Starting in April, Sida has been implementing the decision by reviewing all agreements with development partners, with the ambition of limiting the negative long-term consequences as far as possible. This includes safe-guarding support to smaller organisations, that are at risk of collapsing without Sida's support.
The government decision states that humanitarian assistance will not be affected. Sida is now developing a plan for how to implement the reductions in different countries and thematic areas. Some payments will be cancelled altogether, while others can be pushed forward to 2023.
Affects recovery after the pandemic
The restriction on Sida's payments will have an impact on people living in poverty and oppression. It affects all areas of our work, including Sida's collaborations on climate adaptation, gender equality, sustainable development and support to recovery from the global pandemic that has hit the poorest countries very hard.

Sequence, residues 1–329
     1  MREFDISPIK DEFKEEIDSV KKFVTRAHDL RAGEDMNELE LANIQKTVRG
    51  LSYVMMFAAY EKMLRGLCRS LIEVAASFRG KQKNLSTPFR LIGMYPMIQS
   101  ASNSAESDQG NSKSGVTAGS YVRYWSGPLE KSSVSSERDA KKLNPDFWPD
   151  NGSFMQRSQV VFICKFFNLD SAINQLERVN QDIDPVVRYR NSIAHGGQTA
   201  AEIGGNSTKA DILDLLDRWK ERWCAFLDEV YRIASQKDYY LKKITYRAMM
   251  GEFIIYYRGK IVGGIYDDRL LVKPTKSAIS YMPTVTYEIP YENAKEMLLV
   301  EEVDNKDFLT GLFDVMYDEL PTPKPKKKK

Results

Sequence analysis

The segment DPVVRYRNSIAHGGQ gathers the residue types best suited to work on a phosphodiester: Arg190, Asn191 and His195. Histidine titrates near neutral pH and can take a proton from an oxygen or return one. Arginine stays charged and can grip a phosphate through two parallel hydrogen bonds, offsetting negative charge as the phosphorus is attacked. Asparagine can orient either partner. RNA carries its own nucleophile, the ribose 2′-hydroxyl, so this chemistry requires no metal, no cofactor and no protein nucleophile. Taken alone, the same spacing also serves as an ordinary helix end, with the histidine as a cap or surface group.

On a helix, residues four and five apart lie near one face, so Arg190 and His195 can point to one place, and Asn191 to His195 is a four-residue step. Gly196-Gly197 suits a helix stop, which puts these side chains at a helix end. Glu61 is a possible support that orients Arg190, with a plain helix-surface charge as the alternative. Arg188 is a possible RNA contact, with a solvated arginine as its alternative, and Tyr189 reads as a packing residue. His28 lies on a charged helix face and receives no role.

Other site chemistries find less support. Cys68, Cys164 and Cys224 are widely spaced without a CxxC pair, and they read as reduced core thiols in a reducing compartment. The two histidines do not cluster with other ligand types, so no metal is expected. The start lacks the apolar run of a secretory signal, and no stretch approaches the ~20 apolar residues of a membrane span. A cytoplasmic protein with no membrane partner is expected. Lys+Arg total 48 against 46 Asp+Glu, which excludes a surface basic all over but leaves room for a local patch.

These are countries that also face a sharp rise in food and energy prices due to the war in Ukraine. Many countries in Africa import a large proportion of certain foods from Ukraine and Russia in particular. The price of wheat has for example doubled since the war began.
– The budget restriction will have serious consequences for people living in poverty in various parts of the world. Even before the war broke out, the year 2022 was predicted to be an economically tough year in many parts of the world. The recovery after the pandemic had not had time to start properly in many low-income countries and the consequences of the war mean that another crisis is added on top of the pandemic, climate change and conflicts, says Carin Jämtin, Sida’s Director-General.